Reader Mail #23: No Nonsense Answers To Investing Questions

Updated: April 1, 2013

Welcome to another edition of Reader Mail, the special article series on this blog where I answer questions from readers.

For today, I’ll be tackling several questions about investments, most of which have been sent to me multiple times by different people over the past few weeks.

Honestly, I’ve been flooded by such inquiries lately, and I’m poorly behind answering all of them.

Not that I’m complaining, I’m actually glad that many are getting interested on investing – it’s a good sign that people are starting to think more seriously about their finances today.

So for those still waiting for my reply, thank you for your patience; and I hope some of your questions get answered below.

How do I start investing in the stock market?

First, look for a stock broker and open an account. I’m with COL Financial (formely Citiseconline), but any stock broker is fine as long as they’re duly licensed and registered with the SEC and the Philippine Stock Exchange.

When you open an account, make sure you tell your stock broker that your plan is to invest in the stock market and not trade it. There’s a huge difference between investing and trading.

Of course, if you don’t know anything about the stock market, then learn it first before opening an account.

You can start by reading this series: How To Invest In The Stock Market

Is insurance an investment?

No, an insurance is not an investment, unless you’re talking about VUL’s or Whole Life Insurance or any type of insurance that promises to give you some form of return in the future.

Term-life insurance, short-term health insurance, auto insurance, fire insurance, business insurance and all others – they’re a form of protection and not an investment. Among those, term-life insurance and short-term health insurance are what’s important and something you should consider getting before you start investing.

Moreover, VUL’s and similar products are second-tier investments – meaning, they’re not as great as other investments and you should only get them because:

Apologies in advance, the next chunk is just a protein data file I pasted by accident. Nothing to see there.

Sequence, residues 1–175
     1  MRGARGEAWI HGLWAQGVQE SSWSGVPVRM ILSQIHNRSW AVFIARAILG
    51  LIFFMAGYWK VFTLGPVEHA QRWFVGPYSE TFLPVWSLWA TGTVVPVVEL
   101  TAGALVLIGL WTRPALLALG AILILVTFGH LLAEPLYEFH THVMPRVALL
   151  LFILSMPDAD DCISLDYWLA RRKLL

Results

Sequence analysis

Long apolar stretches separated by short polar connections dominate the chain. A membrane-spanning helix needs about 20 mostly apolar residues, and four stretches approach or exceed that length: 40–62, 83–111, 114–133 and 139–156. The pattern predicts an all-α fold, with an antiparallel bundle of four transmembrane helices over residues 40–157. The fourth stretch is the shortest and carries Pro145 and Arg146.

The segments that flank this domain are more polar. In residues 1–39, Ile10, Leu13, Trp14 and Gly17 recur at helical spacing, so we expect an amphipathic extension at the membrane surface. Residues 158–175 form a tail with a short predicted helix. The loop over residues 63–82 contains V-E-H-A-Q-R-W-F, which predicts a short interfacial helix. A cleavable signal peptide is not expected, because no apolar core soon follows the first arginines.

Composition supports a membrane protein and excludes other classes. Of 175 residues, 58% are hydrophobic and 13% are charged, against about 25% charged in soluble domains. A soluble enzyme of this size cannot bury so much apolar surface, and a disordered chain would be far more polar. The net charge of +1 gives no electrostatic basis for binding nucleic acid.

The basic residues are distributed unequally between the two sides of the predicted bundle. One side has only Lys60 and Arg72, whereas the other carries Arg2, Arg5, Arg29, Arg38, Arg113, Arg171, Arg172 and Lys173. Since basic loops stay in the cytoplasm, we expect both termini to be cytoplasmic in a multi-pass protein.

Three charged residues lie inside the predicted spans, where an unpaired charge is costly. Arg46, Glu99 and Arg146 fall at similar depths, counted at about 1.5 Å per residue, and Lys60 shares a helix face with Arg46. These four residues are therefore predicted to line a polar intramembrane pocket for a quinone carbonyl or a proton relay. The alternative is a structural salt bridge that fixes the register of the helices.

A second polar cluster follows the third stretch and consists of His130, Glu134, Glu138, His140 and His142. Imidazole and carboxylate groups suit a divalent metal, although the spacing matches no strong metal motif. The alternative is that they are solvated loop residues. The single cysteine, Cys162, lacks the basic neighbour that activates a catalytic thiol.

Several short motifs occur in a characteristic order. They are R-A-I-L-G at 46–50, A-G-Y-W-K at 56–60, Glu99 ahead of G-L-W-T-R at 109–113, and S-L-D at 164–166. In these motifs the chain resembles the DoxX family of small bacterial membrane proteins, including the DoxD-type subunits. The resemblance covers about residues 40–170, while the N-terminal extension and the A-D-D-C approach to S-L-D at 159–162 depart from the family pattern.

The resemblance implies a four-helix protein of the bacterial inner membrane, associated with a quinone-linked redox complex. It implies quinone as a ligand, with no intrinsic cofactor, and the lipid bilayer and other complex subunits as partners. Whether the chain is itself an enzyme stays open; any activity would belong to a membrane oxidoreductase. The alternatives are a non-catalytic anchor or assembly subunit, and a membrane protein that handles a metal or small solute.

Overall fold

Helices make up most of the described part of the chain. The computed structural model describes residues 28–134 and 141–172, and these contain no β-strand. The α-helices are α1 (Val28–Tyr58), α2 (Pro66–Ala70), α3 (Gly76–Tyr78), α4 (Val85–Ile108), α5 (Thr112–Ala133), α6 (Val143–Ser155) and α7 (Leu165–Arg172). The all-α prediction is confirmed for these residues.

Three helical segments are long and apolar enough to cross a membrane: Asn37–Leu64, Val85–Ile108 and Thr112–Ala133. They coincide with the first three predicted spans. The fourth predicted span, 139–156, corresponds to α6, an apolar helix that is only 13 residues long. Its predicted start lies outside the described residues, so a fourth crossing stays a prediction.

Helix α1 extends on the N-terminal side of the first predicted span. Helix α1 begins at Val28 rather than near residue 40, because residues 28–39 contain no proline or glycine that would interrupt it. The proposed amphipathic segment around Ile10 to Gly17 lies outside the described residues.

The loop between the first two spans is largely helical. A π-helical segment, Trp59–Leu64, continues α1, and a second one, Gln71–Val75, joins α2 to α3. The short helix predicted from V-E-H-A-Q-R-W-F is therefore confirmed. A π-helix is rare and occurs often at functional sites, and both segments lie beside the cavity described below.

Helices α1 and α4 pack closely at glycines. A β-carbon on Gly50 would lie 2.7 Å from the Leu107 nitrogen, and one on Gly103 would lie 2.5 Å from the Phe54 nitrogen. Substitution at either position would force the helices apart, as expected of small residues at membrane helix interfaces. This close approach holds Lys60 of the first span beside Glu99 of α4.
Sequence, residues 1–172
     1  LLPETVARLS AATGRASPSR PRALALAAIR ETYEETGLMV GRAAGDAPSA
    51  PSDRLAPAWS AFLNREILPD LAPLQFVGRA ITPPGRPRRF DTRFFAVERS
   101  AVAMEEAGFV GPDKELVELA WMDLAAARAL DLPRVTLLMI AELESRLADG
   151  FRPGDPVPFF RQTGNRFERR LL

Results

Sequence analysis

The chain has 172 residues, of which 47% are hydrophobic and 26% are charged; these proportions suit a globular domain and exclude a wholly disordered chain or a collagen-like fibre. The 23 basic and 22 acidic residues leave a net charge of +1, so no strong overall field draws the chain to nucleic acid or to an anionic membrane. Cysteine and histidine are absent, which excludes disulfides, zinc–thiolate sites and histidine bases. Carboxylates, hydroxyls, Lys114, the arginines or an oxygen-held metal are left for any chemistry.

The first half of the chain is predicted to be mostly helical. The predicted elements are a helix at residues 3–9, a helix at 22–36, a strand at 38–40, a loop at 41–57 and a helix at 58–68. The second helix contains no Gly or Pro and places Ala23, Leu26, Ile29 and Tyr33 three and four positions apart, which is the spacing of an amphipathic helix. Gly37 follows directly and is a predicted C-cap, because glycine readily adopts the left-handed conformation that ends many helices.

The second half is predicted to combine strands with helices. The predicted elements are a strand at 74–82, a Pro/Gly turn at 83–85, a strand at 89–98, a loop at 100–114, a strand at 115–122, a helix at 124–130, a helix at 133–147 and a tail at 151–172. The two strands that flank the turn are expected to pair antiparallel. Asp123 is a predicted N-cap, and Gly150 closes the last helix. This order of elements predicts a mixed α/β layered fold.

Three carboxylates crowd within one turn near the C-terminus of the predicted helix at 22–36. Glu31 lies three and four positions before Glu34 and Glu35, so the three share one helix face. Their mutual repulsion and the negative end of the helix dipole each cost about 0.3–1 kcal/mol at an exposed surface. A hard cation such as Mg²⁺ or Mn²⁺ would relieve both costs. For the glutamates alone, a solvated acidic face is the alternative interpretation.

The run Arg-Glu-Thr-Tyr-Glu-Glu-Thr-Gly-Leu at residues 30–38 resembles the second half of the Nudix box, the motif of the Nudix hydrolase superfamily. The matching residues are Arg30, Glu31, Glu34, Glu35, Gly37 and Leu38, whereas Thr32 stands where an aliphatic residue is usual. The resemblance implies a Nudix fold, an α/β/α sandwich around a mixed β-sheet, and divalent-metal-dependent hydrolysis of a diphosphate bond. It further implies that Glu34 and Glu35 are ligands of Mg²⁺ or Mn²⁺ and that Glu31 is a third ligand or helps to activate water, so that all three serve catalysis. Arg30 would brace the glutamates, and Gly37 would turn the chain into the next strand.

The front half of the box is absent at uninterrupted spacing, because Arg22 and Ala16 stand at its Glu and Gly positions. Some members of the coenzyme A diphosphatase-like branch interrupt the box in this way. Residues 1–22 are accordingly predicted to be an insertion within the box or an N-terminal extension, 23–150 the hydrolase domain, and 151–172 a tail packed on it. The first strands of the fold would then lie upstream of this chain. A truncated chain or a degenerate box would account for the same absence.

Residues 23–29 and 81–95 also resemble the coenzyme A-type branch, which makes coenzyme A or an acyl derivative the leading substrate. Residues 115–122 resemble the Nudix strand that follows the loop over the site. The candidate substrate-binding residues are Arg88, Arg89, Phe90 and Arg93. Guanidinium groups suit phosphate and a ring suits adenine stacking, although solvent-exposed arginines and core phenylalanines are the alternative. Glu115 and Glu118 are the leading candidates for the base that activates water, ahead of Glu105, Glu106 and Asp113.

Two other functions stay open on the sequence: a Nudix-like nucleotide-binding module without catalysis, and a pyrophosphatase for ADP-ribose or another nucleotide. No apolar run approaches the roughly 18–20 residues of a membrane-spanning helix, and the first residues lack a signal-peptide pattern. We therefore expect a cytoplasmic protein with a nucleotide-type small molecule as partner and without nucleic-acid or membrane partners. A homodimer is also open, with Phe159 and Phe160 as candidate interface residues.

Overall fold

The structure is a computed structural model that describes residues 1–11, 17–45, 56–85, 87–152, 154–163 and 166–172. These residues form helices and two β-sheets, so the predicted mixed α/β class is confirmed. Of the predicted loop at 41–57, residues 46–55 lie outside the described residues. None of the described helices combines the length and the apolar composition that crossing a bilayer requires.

1. You’re “too lazy” to look for better investments.
  2. You already have funds and stock investments.
  3. You want to help a friend who’s selling you that type of insurance.

Lastly, the better solution is to do BTID – buy term, invest the difference. I’ll write a post about this soon.

What’s the best mutual fund company in the Philippines?

Don’t look for the best performing mutual fund company – because there’s none really.

Why? Because all of them invests in the same market (generally speaking), so in the end – all of them would have very close performance ratings.

Instead, look for the best mutual fund that will help you achieve your financial goals. Attend my investing workshop and you’ll learn how to exactly do this (I know, it’s a shameless plug πŸ˜› )

The same argument goes for Unit Investment Trust Funds (UITFs).

What’s the best investment to fund my retirement?

The stock market and equity funds are always great options – but that depends on how old you are and when you plan to retire. However, the thing that I don’t like about them is that they’re just for capital growth.

So if you ask me, the “best” investment for retirement is actually real estate AND/OR long-term businesses. Rental properties and business ventures will give you passive income that can cover your expenses when you finally retire.

Ask yourself, 10 years from now, would you like to have 20 million pesos cash? Or own several businesses and rental properties worth 10 million pesos but passively earns P200,000 per month for you? Think about it.

Personally, I choose both! That’s why I invest in the stock market, but spend most of my time putting up businesses.

This ends another edition of Reader Mail. Thank you everyone for sending emails. Please don’t forget to subscribe to Ready To Be Rich so you’ll be updated if a new article is posted here. Cheers!

Photo credits: bug_girl_mi and hungrytiger11


  1. nice topics, i think ur being bombarded with almost same questions. I suggest new visitors to check old posts instead of asking the same questions. there’s a whole lot of articles, very important articles here. Sir Fitz your blog is really addicting!